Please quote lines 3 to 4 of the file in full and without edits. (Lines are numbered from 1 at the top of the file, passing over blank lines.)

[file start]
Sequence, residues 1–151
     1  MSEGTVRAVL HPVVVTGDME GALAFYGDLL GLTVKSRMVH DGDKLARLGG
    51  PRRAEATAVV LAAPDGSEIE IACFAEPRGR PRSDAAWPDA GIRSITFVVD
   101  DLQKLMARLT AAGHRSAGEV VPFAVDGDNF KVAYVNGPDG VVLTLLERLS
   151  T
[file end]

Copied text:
    51  PRRAEATAVV LAAPDGSEIE IACFAEPRGR PRSDAAWPDA GIRSITFVVD
   101  DLQKLMARLT AAGHRSAGEV VPFAVDGDNF KVAYVNGPDG VVLTLLERLS